“ProSight provided a response to your complaint on 6th June 2017., which was sent by post addressed to Mr A Wigginton c/o Crew’s Mess Limited.  I have attached a copy of the complaint response, as it would appear that this was not passed on to you by Crew’s Mess.”

WHO THE HECK IS CREW”S MESS?

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Why didn’t Satty send us an email as promised!

 

Rubber Stamped Response

The letter stated the “on the basis of the reports provided by the surveyors, yacht was deemed unseaworthy at the time of the initial incident in May 2016 and that this would have equally been the case on 1 April 2016, when your insurance policy incepted. Hill Dickinson further advised that the unseaworthiness of the vessel at the inception represented a breach of warranty and the contract of insurance was consequently and properly treated void ad initio (and that the premium paid would be returned to you). Accordingly both claims have been rejected for the reason that there is no insurance policy in force against which a claim may be made.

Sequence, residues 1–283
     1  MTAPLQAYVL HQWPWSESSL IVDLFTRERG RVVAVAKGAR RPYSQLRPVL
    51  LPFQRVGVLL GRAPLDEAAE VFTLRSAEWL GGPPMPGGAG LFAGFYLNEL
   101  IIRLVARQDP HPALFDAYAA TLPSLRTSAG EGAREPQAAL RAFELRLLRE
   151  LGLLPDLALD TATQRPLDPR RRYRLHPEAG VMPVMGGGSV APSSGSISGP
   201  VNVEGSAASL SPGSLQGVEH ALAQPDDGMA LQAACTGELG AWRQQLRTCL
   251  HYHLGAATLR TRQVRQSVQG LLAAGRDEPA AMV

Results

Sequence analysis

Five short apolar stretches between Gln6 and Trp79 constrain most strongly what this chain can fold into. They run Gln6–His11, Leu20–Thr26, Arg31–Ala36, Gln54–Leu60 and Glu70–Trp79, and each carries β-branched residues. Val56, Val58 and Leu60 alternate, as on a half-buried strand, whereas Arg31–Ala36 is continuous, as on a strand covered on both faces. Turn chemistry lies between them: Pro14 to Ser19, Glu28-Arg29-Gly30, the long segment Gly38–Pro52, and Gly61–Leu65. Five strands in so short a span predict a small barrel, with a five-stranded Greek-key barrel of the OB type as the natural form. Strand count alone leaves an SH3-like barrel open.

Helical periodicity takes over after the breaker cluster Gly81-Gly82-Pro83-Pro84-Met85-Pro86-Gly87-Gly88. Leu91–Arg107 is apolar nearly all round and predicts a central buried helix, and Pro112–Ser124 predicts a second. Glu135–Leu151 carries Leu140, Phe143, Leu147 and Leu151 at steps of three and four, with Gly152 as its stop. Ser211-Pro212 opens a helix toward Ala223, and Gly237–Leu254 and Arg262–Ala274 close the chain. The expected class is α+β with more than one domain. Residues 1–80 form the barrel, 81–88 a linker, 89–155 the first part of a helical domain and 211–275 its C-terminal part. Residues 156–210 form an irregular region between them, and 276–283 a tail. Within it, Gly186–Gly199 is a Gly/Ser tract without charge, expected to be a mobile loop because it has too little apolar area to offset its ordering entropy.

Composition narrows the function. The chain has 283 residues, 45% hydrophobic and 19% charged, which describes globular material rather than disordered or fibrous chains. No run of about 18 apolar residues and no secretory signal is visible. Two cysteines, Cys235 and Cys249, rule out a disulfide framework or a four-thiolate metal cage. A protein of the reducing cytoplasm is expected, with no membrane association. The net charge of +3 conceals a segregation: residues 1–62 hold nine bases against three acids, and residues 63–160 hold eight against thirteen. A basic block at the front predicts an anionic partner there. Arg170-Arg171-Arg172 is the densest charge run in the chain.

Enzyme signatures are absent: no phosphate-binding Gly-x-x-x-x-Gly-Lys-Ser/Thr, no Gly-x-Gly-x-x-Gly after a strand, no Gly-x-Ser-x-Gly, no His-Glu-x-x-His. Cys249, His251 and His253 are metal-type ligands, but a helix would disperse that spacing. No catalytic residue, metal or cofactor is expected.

Having reviewd this matter, I note that no new evidence or other information has been provided to counter the position set out by our lawyers. Accordingly, I do not consider there to be any grounds to change our position and can confirm that this represents our final decision on this matter.

Should you wish to pursue the matter further, you may refer the matter to the Indiana Deparment of Insurance. 

Paul Longville, Head of Compliance, ProSight Managing Specialty Managing Agency Ltd

Our complaint was clearly not reviewed

WHAT!!?? We spent thousands of dollars more and taken two months to compile and reply to every allegation, innuendo and false statement that Hill Dickenson had in their claim denial. How can the letter say there is “no new evidence or other information“? However, Satty had stated that they would review it promptly, not thoroughly or fairly.

We also thought that sending it to Crew’s Mess was a clear indicator of their lack of concern. They sent it to a company we had never heard of. Satty told us that she would respond to us.